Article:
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The Good, The Bad and The Ugly -- Football 2010
by Al McMordie - 08/08/2010
So what teams should a handicapper look to when analyzing odds: The good, the bad or the ugly ones? Well, you should examine all teams and lines in various situations, of course. However, let me say a few words about how bad and very ugly teams can look wonderful in the eyes of the professional handicapper.
Bad teams can fly under the radar far more easily than good ones. Remember that lines are set in part with public perception in mind. High profile NFL teams that have been to the Super Bowl over the last ten years, like the Patriots, Colts and Steelers, are known as “public teams.” Oddsmakers take extra care not to make bad numbers with these teams as they are guaranteed to attract more money on a regular basis than, say, the Bills or Seahawks. It's the same in college, too, with big-name programs like USC, Florida and Ohio State.
Before the season starts teams can look great on paper, but things don't always play out that way. Well coached teams and winning ones are also more likely to show up and play hard every week. However, small schools and consistently bad teams do not attract as much interest from the betting public. Will the Detroit Lions ever get better? The Lions were supreme money-burners last season, at 4-10-2 ATS.
The Arizona Cardinals are in decent shape now after a good rebuilding job saw them win the NFC two years ago, but only after a decade of incompetent play and very bad teams. From 1998-2002 the Cardinals were 37-59-2 against the spread as an underdog!
Before Marvin Lewis helped turned things around, notice that the Bengals were 21-42 against the number as a dog from 1998-2002 (2-14 s/u, 4-12 ATS in 2002 overall). Real bad teams can be consistently bad against the number.
There are several factors to keep in mind when analyzing bad college and pro teams that can help you as a bettor. Ugly teams can offer go-against opportunities and here are some things to keep in mind about bad teams as you analyze the card each week.
1. Lethargy: Bad teams can develop a sense of complacency and lethargy both in practice and on game day. The Chicago Bears had high hopes a year ago after trading for QB Jay Cutler, but a lot of things fell apart. After a 3-1 start, things went sour in a hurry and the Bears didn't seem to care too often, going 3-9 against the spread to end the season.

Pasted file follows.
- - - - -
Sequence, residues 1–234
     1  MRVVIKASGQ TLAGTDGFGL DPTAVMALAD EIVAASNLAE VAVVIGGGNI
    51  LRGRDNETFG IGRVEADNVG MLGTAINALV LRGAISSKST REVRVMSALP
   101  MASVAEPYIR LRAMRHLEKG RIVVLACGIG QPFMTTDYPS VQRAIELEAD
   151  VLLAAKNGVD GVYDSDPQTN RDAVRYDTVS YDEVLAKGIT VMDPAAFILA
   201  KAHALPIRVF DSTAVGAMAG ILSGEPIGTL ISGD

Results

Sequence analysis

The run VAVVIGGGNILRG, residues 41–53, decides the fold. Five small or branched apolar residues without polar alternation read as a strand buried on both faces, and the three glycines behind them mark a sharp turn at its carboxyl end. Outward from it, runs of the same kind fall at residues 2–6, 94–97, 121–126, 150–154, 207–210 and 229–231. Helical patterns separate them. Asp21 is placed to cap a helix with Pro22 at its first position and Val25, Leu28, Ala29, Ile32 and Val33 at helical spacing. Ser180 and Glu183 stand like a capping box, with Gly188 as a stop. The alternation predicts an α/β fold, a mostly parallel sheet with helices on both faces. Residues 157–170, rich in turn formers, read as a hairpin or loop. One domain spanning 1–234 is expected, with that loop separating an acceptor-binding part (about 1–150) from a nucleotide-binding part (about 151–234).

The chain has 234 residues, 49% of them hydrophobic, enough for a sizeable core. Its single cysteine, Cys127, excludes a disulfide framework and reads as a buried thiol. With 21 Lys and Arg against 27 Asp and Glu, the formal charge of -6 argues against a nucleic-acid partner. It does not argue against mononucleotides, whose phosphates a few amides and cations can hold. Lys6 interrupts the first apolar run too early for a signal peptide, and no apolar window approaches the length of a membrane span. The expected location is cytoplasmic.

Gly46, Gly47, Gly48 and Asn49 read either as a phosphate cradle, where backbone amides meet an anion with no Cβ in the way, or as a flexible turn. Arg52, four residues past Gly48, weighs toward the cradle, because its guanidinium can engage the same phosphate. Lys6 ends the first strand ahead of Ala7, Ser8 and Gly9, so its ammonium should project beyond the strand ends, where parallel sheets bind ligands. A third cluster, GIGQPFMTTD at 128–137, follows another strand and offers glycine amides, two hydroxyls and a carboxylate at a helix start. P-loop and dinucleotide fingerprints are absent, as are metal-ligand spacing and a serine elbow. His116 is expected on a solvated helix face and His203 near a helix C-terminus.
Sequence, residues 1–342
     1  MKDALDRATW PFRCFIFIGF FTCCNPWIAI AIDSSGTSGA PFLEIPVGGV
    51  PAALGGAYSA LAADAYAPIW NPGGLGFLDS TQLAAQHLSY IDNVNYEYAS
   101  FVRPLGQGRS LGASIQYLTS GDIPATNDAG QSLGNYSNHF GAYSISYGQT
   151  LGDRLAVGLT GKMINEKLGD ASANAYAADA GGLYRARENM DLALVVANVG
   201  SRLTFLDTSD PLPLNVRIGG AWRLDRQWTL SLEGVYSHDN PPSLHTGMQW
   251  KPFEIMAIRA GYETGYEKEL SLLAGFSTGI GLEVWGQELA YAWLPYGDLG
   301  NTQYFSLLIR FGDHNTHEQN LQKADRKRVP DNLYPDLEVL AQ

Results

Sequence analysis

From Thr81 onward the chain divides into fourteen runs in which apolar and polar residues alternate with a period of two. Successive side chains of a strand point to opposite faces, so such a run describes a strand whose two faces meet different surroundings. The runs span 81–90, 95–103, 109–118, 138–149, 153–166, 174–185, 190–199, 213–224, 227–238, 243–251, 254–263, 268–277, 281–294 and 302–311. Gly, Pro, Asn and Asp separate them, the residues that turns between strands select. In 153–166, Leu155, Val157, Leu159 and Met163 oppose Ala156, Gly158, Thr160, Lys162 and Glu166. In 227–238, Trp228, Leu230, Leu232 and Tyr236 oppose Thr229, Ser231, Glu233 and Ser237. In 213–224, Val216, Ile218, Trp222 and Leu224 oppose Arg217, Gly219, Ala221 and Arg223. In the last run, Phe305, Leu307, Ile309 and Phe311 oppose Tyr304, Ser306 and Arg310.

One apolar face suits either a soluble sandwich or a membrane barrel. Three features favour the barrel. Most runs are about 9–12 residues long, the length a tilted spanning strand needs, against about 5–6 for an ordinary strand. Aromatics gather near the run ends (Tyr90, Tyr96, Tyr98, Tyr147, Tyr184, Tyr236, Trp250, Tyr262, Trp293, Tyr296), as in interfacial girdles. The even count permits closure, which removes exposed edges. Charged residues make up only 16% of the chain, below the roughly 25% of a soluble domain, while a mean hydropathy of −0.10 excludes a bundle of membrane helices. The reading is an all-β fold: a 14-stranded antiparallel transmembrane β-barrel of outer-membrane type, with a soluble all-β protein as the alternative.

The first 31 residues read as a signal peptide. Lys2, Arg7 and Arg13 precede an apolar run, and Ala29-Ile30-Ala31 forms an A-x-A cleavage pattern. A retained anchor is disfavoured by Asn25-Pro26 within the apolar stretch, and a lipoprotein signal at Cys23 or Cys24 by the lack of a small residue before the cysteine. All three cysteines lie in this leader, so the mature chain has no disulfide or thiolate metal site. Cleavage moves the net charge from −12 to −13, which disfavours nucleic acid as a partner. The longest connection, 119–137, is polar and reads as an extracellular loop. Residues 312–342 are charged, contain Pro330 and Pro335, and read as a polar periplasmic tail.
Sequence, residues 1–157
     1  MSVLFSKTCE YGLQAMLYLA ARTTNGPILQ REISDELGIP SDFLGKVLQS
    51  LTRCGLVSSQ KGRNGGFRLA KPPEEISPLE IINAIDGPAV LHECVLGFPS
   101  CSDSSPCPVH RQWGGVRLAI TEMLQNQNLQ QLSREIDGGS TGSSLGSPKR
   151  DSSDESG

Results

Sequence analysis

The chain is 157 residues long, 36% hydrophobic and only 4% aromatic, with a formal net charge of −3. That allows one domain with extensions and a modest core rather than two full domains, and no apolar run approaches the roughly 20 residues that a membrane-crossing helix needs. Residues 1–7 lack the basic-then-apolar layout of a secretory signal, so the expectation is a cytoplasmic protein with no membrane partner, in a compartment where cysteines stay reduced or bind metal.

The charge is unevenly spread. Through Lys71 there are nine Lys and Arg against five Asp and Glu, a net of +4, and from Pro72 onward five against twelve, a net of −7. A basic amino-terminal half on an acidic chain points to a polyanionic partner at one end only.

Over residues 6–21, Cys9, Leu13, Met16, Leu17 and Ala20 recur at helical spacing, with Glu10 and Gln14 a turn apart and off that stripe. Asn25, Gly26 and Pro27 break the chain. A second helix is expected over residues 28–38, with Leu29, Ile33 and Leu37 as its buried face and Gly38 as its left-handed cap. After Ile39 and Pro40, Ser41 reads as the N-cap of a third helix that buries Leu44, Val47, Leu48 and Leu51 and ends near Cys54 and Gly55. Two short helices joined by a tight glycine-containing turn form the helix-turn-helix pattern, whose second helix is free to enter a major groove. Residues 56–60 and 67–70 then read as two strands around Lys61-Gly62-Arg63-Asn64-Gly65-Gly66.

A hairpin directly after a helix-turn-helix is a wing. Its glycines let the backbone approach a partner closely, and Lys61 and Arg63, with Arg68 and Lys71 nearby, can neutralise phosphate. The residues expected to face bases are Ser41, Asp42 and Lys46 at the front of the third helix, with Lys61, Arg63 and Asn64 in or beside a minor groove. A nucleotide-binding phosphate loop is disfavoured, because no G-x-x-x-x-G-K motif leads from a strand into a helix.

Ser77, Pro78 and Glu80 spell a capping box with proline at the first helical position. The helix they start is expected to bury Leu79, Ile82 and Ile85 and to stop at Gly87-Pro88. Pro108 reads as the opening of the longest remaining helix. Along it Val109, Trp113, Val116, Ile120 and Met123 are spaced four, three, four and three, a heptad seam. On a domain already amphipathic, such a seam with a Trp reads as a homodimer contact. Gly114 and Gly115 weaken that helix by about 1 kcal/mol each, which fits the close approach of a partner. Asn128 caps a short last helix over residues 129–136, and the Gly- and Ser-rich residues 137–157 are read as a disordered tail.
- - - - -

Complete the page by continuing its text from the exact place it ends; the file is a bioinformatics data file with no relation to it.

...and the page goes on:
2. Disenchantment: Athletes are human and can get frustrated and not show up to play hard if they're not happy. It will be worth watching the current situation at USC, with a new coach in Lane Kiffin and the stench of NCAA sanctions that took away scholarships. This is a program used to winning, something at which Kiffin hasn't had much success. In baseball, star pitcher Zach Greinke of the Royals spoke last week about how frustrated he is to see another rebuilding season taking place around him. How happy can the players be during rebuilding, or train wreck seasons?
3. Player Revolt: Pro and college teams can quit on their coach, making for terrific go-against spots. A year ago, the Denver Broncos appeared to quit on first-year coach Josh McDaniels, during an 0-4 SU/1-3 ATS finish. A few years ago this happened to the Arizona Wildcats as the players tuned out Coach John Mackovich. For betting purposes, this is often evident when the team is supposed to lose: Arizona was 1-10 straight up and 4-7 against the spread last season as an underdog. If an unhappy team knows it's going to lose, why play hard? When situations pop up like this, a good handicapper needs to look beyond stats and angles.
Well-coached teams are far less likely to suffer from these maladies, of course. This is less likely for pro football teams such as the Steelers, Patriots or Colts. It won't happen for well-coached college programs, either, such as the current ones at Boise State, Penn State, Florida or Alabama. But for handicapping purposes, it can be just as profitable to look to go against bad teams with numerous problems, rather than to search for good teams to wager on. Because ugly teams can look "oh so beautiful" when you're cashing tickets at the betting window! Good luck, as always ... Big Al McMordie.